Posted by: Dutch | December 9, 2009

Die hard

Meaning

A person who holds stubbornly to a minority view, in defiance of the circumstances.

Origin

Bruce Willis in Die Hard

The title of the 1988 film Die Hard was chosen to signify both the ‘hardness’ of the lead character and the difficulty that he and the bad guys had in killing each other. In choosing not to hyphenate ‘die-hard’, which is the currently accepted spelling, they reverted to the original meaning of the term. To ‘die hard’ was recorded in a 1703, in Psychologia: or, an Account of the Nature of the Rational Soul. The text argues the pros and cons of a condemned man’s approach to death:

Against this Reason he [William Coward] urges the case of those that die hard, as they call it, at Tyburn who will therefore, according to him , out-brave the Terrors of the Lord.

Tyburn, near what is now Marble Arch, was the principal location for public hangings until 1785. The meaning there was clear – to ‘die hard’ was to die reluctantly, resisting to the end.

The ‘drop’ method of hanging wasn’t then in use and hanging was sometimes a prolonged affair. There are records that those who preferred to take the opposite course to the ‘die hards’ paid people to hang onto their legs so that they died quickly. There’s no evidence however for the commonly repeated notion that this is the derivation of the phrase ‘pulling one’s leg’.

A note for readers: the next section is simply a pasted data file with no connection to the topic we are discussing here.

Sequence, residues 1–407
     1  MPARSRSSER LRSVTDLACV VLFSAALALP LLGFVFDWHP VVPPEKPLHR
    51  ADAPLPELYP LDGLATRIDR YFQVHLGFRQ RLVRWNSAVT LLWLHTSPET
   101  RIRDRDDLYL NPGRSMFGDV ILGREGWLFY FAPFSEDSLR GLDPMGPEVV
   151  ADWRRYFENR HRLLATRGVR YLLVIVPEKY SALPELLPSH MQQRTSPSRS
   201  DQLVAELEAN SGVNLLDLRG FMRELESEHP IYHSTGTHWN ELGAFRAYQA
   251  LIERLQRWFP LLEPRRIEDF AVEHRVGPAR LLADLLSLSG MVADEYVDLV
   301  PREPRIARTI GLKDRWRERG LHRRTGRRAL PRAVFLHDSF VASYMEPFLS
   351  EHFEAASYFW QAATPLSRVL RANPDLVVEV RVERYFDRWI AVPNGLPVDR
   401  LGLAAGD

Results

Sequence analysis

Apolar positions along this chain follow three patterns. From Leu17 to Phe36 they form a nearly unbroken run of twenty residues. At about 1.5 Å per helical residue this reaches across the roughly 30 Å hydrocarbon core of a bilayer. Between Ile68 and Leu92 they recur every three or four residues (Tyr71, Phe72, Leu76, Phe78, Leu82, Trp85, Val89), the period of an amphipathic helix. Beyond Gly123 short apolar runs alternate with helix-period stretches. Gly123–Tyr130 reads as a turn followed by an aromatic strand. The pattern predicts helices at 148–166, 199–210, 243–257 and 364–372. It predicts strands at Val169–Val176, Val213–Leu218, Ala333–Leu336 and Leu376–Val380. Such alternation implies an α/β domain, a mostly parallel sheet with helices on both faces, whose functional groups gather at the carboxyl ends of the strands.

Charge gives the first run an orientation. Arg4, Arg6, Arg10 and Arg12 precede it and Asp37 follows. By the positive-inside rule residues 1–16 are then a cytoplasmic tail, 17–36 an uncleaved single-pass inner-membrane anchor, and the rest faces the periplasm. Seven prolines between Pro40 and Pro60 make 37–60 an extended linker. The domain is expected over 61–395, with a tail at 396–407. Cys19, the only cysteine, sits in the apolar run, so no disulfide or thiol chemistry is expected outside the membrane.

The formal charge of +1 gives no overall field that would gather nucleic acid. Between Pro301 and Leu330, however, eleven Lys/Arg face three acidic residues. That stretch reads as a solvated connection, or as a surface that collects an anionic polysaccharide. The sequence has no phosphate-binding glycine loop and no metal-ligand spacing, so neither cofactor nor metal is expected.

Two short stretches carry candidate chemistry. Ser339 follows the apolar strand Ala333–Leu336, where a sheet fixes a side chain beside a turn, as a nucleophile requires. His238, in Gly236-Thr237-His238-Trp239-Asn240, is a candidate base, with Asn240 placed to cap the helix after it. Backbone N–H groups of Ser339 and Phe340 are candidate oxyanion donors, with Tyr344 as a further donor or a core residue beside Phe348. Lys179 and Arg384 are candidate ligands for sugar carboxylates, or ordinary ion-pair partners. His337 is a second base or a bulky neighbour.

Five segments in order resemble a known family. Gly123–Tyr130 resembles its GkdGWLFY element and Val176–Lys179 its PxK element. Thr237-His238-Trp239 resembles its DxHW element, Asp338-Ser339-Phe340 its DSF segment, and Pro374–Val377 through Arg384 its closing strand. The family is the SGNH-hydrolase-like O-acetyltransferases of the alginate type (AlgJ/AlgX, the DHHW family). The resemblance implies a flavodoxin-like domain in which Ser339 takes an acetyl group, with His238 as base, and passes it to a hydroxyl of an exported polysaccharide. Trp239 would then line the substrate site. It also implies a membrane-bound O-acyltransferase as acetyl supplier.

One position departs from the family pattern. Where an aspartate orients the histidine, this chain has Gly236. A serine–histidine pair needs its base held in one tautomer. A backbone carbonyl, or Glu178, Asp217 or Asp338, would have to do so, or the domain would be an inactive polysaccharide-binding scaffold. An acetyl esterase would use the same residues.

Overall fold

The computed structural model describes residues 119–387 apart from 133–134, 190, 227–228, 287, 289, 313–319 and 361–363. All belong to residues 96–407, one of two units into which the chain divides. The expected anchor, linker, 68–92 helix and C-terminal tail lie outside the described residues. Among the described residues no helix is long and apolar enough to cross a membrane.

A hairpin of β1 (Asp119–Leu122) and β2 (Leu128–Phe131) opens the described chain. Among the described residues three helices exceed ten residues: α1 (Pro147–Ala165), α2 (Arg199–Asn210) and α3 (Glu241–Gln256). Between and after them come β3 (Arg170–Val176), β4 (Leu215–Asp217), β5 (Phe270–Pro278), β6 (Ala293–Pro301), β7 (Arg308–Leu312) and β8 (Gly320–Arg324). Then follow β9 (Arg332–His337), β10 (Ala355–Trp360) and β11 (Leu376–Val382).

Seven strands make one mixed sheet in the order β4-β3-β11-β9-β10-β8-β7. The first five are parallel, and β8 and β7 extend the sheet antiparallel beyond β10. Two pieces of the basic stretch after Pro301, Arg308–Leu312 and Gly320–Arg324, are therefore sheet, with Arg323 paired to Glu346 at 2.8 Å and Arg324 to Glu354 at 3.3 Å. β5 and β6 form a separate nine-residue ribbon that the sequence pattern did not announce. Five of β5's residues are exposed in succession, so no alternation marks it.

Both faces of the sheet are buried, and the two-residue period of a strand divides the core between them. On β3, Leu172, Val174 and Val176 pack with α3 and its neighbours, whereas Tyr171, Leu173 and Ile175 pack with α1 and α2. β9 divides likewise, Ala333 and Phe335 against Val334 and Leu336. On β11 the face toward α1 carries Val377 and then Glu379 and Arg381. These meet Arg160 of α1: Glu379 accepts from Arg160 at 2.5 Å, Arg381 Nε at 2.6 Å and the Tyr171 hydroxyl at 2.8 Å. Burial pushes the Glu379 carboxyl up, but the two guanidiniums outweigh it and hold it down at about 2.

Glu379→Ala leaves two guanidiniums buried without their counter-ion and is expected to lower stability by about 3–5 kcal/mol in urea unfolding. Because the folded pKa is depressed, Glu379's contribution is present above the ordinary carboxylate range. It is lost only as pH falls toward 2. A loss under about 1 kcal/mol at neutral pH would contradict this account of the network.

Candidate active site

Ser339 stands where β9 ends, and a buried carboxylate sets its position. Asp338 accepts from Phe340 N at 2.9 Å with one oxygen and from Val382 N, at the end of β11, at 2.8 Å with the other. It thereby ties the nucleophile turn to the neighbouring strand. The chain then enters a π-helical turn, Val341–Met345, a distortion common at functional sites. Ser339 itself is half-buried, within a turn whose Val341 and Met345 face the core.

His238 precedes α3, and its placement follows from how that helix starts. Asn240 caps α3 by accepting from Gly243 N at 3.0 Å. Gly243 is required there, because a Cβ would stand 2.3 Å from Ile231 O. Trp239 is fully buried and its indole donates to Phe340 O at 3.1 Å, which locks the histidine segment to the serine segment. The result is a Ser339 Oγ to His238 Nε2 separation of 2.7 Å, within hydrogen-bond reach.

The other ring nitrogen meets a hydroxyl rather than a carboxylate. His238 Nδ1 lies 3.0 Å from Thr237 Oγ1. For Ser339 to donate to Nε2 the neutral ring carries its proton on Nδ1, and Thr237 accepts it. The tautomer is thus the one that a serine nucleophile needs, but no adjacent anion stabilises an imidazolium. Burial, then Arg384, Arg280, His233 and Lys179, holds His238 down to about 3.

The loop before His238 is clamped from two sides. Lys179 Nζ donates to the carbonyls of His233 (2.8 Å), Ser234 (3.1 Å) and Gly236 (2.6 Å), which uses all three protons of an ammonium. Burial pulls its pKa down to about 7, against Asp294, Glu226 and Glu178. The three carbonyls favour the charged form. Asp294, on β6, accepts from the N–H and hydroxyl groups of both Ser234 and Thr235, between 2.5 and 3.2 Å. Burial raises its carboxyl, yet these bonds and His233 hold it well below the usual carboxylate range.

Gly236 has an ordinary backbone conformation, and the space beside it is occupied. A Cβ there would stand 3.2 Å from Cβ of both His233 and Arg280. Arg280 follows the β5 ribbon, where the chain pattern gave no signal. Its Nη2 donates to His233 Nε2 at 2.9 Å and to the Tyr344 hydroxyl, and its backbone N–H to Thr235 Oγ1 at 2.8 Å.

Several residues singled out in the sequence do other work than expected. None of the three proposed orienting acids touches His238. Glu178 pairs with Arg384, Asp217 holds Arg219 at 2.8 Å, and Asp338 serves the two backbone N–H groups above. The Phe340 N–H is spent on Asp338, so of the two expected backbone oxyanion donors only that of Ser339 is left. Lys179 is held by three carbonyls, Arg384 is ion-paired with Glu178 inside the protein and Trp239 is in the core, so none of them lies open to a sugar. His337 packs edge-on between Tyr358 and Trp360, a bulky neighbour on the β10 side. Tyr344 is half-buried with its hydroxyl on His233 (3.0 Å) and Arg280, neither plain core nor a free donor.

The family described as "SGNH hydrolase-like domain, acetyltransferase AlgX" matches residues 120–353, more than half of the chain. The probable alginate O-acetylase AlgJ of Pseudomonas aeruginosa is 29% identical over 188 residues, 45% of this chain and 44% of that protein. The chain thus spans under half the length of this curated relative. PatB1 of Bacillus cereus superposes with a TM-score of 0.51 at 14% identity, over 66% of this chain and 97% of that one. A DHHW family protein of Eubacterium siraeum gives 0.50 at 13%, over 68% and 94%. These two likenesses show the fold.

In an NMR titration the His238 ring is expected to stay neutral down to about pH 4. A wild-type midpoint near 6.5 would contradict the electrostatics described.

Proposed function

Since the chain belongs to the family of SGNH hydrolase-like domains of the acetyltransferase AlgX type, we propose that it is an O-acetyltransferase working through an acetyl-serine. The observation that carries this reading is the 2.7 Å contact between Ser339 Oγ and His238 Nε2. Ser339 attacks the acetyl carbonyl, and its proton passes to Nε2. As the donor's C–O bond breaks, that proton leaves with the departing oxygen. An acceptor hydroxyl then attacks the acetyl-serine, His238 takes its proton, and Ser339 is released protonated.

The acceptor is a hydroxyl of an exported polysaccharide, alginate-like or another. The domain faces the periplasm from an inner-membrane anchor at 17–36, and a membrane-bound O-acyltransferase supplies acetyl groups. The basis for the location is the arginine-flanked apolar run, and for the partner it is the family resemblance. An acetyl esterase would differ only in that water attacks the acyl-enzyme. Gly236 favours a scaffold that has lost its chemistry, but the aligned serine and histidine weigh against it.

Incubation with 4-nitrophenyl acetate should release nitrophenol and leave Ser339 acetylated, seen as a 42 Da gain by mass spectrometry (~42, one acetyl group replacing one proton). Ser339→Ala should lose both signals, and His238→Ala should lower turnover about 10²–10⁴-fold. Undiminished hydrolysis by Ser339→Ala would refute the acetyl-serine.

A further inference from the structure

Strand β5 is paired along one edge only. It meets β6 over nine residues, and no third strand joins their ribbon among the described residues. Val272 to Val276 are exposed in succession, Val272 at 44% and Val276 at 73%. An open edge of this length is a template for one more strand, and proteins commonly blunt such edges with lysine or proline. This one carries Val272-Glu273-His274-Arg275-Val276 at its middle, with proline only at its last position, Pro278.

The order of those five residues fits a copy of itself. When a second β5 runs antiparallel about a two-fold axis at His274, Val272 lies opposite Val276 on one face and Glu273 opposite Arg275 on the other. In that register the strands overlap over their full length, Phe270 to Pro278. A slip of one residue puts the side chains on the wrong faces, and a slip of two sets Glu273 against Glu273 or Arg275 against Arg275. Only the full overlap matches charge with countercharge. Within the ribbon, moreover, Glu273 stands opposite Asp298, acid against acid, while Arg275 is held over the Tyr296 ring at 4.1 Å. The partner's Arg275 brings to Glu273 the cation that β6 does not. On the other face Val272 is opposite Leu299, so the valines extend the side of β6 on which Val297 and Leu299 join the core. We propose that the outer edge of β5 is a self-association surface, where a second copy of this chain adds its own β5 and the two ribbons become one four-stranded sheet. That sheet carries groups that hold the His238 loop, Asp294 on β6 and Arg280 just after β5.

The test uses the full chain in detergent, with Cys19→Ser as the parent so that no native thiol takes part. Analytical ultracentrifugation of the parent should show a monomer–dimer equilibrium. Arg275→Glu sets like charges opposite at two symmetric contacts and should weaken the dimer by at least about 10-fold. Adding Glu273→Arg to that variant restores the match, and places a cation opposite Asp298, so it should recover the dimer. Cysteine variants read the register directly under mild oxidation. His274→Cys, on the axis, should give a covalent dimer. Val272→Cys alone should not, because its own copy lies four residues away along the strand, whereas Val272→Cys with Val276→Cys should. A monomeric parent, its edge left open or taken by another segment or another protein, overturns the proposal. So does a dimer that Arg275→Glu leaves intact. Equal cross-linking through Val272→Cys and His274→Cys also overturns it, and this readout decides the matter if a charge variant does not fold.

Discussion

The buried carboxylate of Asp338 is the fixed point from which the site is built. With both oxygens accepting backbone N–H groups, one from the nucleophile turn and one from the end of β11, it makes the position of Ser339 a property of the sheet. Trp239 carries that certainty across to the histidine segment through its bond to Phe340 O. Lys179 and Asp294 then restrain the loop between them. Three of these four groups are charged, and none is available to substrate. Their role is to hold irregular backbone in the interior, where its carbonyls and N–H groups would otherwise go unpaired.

The wider use of the term came into being in the following century. At the Battle of Albuhera, in the Peninsula War, in 1811. William Inglis, the commander of the British 57th Regiment of Foot ordered all ranks to ‘die hard’. i.e. to fight until the last. The regiment later became known as the Die-hards

In the early 20th century, ‘die-hard’ was more usually used to describe a member of the political faction who were prepared to ‘die in the last ditch’ in their resistance to the Home Rule Bill of 1912. In 1922, the meaning took a step away from actual deaths when the members of the Conservative Party who followed the leadership of the Marquess of Salisbury named themselves ‘The Die-hards’.

Like ‘zigzag’, ‘meanwhile’, and countless other terms which are coined as two words and later become hyphenated and then merge into a single word, the ‘diehard’ spelling will probably begin to be preferred before long.

– Sincere thanks to Gary Martin of The Phrase Finder

Advertisements

Leave a Reply

Fill in your details below or click an icon to log in:

WordPress.com Logo

You are commenting using your WordPress.com account. Log Out / Change )

Twitter picture

You are commenting using your Twitter account. Log Out / Change )

Facebook photo

You are commenting using your Facebook account. Log Out / Change )

Google+ photo

You are commenting using your Google+ account. Log Out / Change )

Connecting to %s

Categories

%d bloggers like this: